shut up

I used to feel guilty about this tactic but I am exhausted from coddling my children with language.  There is a time, when they’re toddlers, that they need a softer approach.  But I don’t think I’m doing them any favors by padding the world for them so that their delicate sensibilities are never exposed to sharp language.  There’s keeping your kids safe and secure, and there’s kowtowing to them until they are insufferable brats.

I’ve learned that it’s okay for kids to understand that, at least some of the time, they’re not the center of the universe.  It’s okay for them to be rebuked, and feel uncomfortable, when they’ve acted like assholes ($0.25).  The direct approach to communication helps everyone know exactly where they stand because kids will use any and all ambiguities to steam-roll right over you.  I don’t break out shut up often but, when I do, my kids know to cease speaking immediately unless someone is missing or bleeding and, for my money, that’s a good skill to have.

Total owed to the swear jar for this post: $1.25

*Credit to Chris Farley in Black Sheep for inspiring this brilliant diatribe

— — — — —

mommy swearMackenzie is a SAHM to five beautiful, hysterical, annoying-as-fuck-sometimes kids. She worked so super hard in her twenties to get an MBA only to retire and become her kids’ bitch. Now she spends her days dashing into the fray and taking power naps.

You can catch her throwing quarters into her swear jar on her blog and Facebook. She continues to be confused by The Twitter.


  1. Ha! I use “shut up” in dire situations too. A moms gotta do what a moms gotta do, ya know?! The words that I think NO mom should use are “you’re being a little bitch”. Now THOSE words make me cringe for real. And yes. I have heard them spoken. Usually at Walmart, but lets not go into stereotypes here….

  2. The struggle is real! It always starts with a sheepish ‘Shhhh, momma’s on the phone you sweet little thing..’ to ‘Ok, seriously, please be quiet’ that inevitably escalates to ‘I AM GOING TO LOSE MY FUCKING MIND, PLEASE SHUT IT!!!!!!!’ Sometimes I fake cry. It worked for the first five years but has slowly lost its power.

  3. Before I was a mom–you know back when I knew everything there was to know about parenting–I swore that “Shut Up” would never, ever come out of my mouth directed at my child. I thought it was a horrible thing to say to a little child that I would love and cherish and care for! And then…then I had a child with ADD who would sometimes talk endlessly just merely to hear the sound of his own voice even though absolutely no one was listening and I was trying to do 942 other things that demanded my attention.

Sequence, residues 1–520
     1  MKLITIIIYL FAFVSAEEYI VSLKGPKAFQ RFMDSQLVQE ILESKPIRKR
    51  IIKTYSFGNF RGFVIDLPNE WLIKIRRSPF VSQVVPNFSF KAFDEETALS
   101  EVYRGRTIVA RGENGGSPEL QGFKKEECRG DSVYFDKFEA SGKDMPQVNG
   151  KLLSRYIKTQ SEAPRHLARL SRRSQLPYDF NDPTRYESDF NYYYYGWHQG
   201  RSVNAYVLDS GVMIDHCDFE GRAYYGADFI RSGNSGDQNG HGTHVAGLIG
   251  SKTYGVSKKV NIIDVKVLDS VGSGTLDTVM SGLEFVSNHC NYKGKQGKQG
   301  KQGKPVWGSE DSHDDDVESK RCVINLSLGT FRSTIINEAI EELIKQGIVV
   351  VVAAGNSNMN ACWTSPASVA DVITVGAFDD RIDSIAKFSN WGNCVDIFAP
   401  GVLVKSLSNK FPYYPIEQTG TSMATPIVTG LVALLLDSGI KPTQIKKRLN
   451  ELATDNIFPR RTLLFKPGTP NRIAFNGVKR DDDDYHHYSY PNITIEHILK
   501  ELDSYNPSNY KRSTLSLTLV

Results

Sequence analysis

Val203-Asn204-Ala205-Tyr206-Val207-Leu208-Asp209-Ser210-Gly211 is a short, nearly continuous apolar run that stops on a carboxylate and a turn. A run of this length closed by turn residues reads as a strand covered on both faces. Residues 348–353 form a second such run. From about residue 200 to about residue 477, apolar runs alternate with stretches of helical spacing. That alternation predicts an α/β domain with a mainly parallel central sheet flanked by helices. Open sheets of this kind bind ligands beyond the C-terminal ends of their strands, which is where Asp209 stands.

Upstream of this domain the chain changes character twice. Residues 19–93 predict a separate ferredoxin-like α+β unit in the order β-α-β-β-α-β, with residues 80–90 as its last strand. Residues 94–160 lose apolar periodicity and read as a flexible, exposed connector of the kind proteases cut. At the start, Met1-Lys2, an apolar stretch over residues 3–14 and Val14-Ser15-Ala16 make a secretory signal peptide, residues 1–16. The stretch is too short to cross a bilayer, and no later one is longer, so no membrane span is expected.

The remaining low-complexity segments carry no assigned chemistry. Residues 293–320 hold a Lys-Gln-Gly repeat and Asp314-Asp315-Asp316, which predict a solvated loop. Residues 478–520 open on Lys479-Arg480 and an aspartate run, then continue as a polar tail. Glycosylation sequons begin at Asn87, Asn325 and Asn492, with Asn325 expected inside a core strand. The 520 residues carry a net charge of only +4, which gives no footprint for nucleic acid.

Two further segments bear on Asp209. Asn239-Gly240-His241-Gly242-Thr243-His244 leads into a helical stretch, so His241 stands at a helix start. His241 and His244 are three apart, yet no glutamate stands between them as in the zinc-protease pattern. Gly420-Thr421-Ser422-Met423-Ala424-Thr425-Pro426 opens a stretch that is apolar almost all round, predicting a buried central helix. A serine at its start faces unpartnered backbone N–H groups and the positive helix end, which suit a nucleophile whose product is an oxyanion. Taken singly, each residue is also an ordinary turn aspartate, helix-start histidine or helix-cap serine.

Yeah…total fail.

  4. I honestly can’t agree more! There’s words in my home that I just don’t use which are hate, dummy, or stupid. My kids have learned to replace them with “I really, really, don’t like,” or “silly head” or “silly face”. But when a loud “just shut it!” comes out of my mouth they know they’ve emptied my patience bucket!

  5. I tell my kids (well, mostly my son b/c he never stops talking) to shut up all.The.Time. In fact, that may be my most used phrase with him, but he deserves it. B/c you’re right: “it’s okay for kids to understand that, at least some of the time, they’re not the center of the universe. It’s okay for them to be rebuked, and feel uncomfortable, when they’ve acted like assholes ($0.25). The direct approach to communication helps everyone know exactly where they stand because kids will use any and all ambiguities to steam-roll right over you.” Amen.

  6. What’s funny to me is that my husband views “shut up” as worse than saying “fuck off.” I’m serious! He grew up hearing that “shut up” was the worst thing you could say to a person, so now I can’t even say it to HIM, or his eyeballs bulge and his head pops off. And I desperately want to say it to him, to the kids, to the mailman, whoever. Because it’s verboten. And it feels damn good to say it, even if it weren’t verboten! So anyway, this post was hilarious and I loved it. P.S. SHUT UP!

  7. THANK YOU!! I actually feel it’s completely irresponsible of me -as this child’s only true cheerleader and all around teacher – to not allow him to think he is entitled to anything in this world except my constant love and that sometimes starts with “shut your mouth right this instant.” And anyone who says otherwise is most likely not a parent of anyone over the age of 3.